Thanks Murray. I have found over the past 20 years and before that in the Air Force working with the IG that the context of the research or investigation or assessment directly impacts the quality of the outcome and how that outcome then impacts the needed changes.
 
From: SIKM@groups.io <SIKM@groups.io> On Behalf Of Murray Jennex via groups.io
Sent: Tuesday, April 14, 2020 18:27
To: SIKM@groups.io
Subject: Re: [SIKM] Learning Not Blame -- “Inquiry” Not “Inquisition.” We Can Work With This in Getting Back to Some Form of Normal.
 
nice article and I totally agree with you Bill!  I worked in the nuclear industry for many years and the foundation of event analysis and investigation was to learn first and not worry about blame.  We found people were a lot more forthcoming and honest when investigations weren't about blame and were focused on learning from the event and preventing its recurrence.  Politicians could learn much from this!....murray jennex

-----Original Message-----
From: Bill Kaplan <bill@...>
To: SIKM@groups.io <SIKM@groups.io>
Sent: Tue, Apr 14, 2020 9:08 am
Subject: [SIKM] Learning Not Blame -- “Inquiry” Not “Inquisition.” We Can Work With This in Getting Back to Some Form of Normal.
Dear Colleagues
 
 
I share a perspective on the value of focusing on learning rather than blaming now that we can see ourselves turning the ?corner in the pandemic fight.  Where should we be spending our valuable and limited time and resources?  What is the opportunity in front to of us to learn from all of this?
 
Would be interested in your perspectives.
 
Best
 
Bill
 
 
  
 
Learn more about the solutions and value we provide at www.workingknowledge-csp.com
 
 


Re: Knowledge recognition technologies #tools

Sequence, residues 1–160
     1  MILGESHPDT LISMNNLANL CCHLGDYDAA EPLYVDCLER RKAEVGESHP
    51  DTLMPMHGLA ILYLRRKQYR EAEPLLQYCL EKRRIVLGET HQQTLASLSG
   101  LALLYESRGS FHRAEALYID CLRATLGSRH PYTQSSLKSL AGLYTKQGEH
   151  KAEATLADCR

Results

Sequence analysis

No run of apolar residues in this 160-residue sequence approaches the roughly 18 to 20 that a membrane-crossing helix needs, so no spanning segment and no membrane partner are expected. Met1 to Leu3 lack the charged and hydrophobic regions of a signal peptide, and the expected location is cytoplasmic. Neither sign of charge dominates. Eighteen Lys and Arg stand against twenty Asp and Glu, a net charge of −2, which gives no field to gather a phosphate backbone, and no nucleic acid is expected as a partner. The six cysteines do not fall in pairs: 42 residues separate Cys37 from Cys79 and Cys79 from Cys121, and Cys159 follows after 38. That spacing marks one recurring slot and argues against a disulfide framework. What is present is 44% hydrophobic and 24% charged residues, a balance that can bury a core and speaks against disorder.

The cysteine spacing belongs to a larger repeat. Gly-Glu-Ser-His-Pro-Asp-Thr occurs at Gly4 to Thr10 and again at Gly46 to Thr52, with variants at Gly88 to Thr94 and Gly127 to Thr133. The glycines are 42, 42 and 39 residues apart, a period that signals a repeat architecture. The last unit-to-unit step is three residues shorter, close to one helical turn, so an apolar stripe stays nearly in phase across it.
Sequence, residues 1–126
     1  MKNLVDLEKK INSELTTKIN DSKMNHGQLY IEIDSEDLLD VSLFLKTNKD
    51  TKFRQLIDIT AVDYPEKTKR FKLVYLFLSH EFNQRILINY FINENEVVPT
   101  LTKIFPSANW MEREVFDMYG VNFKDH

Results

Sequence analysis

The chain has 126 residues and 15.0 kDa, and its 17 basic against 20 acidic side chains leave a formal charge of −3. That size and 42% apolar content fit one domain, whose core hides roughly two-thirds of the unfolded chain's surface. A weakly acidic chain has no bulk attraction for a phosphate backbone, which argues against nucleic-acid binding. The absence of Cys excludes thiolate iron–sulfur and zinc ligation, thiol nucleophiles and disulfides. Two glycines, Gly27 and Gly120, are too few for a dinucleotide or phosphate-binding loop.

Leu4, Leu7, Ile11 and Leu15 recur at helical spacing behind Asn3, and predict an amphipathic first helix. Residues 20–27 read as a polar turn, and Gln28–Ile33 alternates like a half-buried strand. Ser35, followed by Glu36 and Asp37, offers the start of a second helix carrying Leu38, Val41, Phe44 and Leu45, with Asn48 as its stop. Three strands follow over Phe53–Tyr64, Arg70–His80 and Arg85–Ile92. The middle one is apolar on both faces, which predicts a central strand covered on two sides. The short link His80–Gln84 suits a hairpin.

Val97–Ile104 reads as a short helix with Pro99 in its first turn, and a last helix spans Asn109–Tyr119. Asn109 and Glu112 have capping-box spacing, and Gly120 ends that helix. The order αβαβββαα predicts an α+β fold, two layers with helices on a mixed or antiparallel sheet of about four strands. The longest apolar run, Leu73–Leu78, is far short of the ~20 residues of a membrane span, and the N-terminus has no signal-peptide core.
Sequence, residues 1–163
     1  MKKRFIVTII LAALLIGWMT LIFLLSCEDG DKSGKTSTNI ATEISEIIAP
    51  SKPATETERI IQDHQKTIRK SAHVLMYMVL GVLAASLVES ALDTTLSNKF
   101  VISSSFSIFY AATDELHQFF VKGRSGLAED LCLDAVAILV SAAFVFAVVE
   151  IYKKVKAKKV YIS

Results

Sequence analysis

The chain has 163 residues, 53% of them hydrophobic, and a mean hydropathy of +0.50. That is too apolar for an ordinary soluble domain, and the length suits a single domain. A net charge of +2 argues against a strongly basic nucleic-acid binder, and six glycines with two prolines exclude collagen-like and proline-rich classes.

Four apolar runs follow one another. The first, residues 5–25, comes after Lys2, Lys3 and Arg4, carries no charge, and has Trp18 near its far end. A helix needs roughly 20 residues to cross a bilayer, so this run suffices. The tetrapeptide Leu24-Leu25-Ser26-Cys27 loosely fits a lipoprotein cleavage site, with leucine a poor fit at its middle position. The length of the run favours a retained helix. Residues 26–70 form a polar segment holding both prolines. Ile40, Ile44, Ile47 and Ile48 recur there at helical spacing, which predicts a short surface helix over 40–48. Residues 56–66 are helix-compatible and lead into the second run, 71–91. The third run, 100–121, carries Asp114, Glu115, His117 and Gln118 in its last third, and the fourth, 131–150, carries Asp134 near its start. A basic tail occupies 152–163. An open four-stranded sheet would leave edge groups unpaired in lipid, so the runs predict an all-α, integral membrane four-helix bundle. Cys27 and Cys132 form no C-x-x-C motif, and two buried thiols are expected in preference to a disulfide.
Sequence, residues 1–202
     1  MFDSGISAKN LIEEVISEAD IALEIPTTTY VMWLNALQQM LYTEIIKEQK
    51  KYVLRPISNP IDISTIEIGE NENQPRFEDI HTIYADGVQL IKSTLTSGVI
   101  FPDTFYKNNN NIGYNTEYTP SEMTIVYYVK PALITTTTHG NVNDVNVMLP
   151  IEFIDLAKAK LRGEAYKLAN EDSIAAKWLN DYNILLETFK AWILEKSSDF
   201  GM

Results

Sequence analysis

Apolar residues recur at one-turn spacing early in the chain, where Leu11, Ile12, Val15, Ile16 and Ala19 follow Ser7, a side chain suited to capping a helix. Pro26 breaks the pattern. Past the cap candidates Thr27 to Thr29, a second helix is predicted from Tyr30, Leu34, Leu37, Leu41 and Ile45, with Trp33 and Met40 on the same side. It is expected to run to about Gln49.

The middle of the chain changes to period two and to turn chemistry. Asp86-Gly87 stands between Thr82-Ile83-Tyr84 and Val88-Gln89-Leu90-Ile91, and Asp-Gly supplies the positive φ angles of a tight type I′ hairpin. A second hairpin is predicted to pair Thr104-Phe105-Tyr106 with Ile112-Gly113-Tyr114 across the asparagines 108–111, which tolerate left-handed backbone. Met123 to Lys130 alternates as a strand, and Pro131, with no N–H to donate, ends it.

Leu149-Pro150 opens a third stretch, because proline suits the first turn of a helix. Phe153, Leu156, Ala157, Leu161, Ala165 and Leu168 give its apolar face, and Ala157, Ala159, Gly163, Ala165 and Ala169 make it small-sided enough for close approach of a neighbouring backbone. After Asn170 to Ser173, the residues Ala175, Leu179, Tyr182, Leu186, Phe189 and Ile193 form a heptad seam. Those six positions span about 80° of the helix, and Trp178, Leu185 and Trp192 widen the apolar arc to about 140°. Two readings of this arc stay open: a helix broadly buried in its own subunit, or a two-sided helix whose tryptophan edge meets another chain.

Hi Mila

 

Not sure I have enough to help you, but would offer the following hi-level considerations that might tighten up your question’s focus:

 

  1. Do you have an idea of the organization’s’ business environment and the knowledge management environment? 
    1. Why does the organization exist? What is the mission? 
    2. What kind of tech and tools does the organization have to support knowledge capture, sharing, etc?
    3. What kind of knowledge sharing culture exists to support the use of knowledge and the flow of knwoedge within and across the organization?
  2. Where are the gaps between what they want to do and what KM technologies they need to do it?

 

 

Available discuss further if you wish. Others here can also help. Hope this helps.

 

Best

 

Bill

 

  

 

Learn more about the solutions and value we provide at www.workingknowledge-csp.com

 

 

 

From: SIKM@groups.io <SIKM@groups.io> On Behalf Of Mila Malekolkalami via groups.io
Sent: Wednesday, April 15, 2020 10:40
To: SIKM@groups.io
Subject: Re: [SIKM] Knowledge recognition technologies

 

I need to identify different technologies in KM.

What technologies are used in different KM processes?

 

I have read Nick Milton's book, knowledge technologies. But i didn't find what I need.


For example, Orbital and Skillsoft are sample vendors in knowledge creation.

 

But I cant find any technologies that are used for recognition of knowledge.

I have to find these technologies used in organizations and compare them together.

 

 

 

On Wed, Apr 15, 2020 at 9:54 PM, Stan Garfield

<stangarfield@...> wrote:

Hi, Mila.

Thanks for posting again!

Please say a bit more about your query.  What do you mean by knowledge recognition?  How are you planning to use the information you are seeking?

Regards,
Stan